After the 2018 revolution, Armenia emerged from decades of post-Soviet rule characterized by impunity for corruption and human rights violations; but its new leaders now have to draw up a transitional justice roadmap to overhaul a government captured by a network of corrupt oligarchs and powerful politicians and to meet citizens' expectations of justice, redress, and reforms.
Background: Armenia’s Political Transitions
Similar to the Arab Spring which traces its beginnings to long-festering grievances over unemployment, corruption, and human rights violations, the 2018 Armenian revolution was not an isolated event taking place in April that year. The revolution was driven by decades of hardship and abuses—from post-Soviet economic disarray and stagnation to large-scale corruption, election fraud, and human rights abuses carried out by a network of oligarchs and ruling-party politicians that captured the state.
Armenians have gone through significant political transitions in their history, from the Armenian Genocide in the early 20th century to the break-up of the Soviet Union and the emergence of a modern independent republic in 1991. The end of the socialist Armenian state and with it the privatization of many previously state-owned public enterprises led to economic and social turmoil. Conflict with Azerbaijan over a disputed region began in the late 1980s. It has led to tens of thousands of deaths and massive displacement. It also gave wartime leaders, including former Presidents Robert Kocharyan and Serzh Sargsyan, the political capital to commit and cover up human rights violations and large-scale corruption, further weakening state institutions.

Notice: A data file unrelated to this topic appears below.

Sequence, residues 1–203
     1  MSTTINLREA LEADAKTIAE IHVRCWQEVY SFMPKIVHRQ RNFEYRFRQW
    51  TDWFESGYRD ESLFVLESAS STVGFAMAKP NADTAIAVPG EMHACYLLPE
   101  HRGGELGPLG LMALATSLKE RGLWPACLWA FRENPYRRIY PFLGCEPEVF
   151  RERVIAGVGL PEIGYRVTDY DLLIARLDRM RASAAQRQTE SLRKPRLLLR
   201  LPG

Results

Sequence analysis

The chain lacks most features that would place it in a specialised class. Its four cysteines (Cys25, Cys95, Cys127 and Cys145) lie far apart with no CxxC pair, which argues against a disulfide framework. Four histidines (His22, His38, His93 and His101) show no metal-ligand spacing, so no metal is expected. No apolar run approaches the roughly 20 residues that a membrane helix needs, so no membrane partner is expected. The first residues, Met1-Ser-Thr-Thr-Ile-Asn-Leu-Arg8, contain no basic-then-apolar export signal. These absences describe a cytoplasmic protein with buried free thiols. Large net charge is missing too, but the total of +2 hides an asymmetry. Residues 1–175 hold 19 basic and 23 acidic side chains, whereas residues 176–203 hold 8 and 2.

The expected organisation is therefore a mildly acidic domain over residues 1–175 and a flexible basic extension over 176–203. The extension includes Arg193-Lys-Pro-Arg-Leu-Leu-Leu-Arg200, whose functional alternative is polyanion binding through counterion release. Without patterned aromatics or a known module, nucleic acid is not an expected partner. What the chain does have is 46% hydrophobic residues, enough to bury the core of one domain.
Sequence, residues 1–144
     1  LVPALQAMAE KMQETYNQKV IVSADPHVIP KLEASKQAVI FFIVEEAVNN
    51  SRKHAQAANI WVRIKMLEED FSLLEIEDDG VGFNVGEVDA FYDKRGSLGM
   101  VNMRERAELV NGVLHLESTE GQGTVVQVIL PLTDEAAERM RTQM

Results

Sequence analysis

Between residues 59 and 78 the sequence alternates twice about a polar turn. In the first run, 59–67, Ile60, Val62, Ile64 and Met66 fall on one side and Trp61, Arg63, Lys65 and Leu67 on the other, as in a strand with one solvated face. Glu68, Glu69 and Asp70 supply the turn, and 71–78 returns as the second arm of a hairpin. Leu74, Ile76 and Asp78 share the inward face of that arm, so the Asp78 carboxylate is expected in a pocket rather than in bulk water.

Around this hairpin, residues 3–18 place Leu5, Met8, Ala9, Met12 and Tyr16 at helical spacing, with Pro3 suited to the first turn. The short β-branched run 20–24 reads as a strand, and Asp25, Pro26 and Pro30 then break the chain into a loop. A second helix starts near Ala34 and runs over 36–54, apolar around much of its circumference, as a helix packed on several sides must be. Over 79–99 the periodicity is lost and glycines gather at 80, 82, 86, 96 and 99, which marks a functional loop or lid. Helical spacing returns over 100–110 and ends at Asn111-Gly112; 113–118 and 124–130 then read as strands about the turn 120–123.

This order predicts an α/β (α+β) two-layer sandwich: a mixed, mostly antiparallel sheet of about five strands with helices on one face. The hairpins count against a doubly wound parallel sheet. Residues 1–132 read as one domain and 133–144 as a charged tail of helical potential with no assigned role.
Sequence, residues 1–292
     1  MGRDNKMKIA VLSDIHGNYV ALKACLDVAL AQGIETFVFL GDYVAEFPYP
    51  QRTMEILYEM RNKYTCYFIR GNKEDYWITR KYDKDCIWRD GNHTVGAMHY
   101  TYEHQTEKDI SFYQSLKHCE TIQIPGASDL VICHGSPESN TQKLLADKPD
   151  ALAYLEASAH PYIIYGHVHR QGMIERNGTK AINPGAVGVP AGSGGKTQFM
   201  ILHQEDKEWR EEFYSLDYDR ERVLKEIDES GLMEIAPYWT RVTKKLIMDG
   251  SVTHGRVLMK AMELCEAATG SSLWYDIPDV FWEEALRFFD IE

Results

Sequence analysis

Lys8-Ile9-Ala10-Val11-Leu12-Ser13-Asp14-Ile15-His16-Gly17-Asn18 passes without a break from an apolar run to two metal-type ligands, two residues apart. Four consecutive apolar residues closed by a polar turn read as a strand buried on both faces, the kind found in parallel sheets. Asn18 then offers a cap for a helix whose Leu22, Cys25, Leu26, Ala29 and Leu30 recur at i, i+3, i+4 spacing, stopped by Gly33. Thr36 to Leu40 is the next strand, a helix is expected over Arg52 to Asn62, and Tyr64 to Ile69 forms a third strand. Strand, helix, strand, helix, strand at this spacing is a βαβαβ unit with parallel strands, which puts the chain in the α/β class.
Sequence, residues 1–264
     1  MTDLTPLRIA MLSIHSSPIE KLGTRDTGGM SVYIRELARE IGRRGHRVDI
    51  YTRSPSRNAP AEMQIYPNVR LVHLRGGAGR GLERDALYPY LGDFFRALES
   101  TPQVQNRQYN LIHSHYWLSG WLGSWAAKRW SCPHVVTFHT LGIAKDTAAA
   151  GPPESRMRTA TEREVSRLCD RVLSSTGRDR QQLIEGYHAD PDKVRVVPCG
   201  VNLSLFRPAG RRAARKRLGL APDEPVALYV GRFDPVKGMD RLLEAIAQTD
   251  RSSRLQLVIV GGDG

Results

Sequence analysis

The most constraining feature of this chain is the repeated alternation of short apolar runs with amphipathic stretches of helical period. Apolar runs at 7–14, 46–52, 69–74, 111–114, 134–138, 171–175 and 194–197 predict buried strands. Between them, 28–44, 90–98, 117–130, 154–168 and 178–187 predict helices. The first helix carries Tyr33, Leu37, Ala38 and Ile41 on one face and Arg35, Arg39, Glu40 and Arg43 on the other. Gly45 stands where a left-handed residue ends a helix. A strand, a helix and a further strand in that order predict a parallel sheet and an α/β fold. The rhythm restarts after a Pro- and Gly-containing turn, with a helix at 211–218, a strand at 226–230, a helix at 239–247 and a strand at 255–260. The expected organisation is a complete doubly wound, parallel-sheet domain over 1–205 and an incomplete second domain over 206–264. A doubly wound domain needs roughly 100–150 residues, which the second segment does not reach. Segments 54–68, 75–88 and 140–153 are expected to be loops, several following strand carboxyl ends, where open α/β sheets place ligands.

Since the mid-1990s, Armenians have protested electoral fraud, corruption, environmental harm, and various miscarriages of justice. Allegations of fraud involving the adoption of the 1995 constitution and the 1996 and 2004 elections provoked protests, which police violently suppressed. But it was the killing of 10 Armenian citizens—8 protesters and 2 policemen—in protests against election fraud in 2008 that prompted civil society groups to mobilize more systematically.
In 2015, after periodical social and political protests, some 20,000 Armenians took to the streets in the “Electric Yerevan” protests to oppose a 17 percent increase in the price of electricity and other austerity measures. The following year, a four-day escalation in the conflict with Azerbaijan brought attention to the scale of corruption in the military and the harsh conditions, even in non-combat zones, to which young conscripted Armenians were subjected and from which many were dying.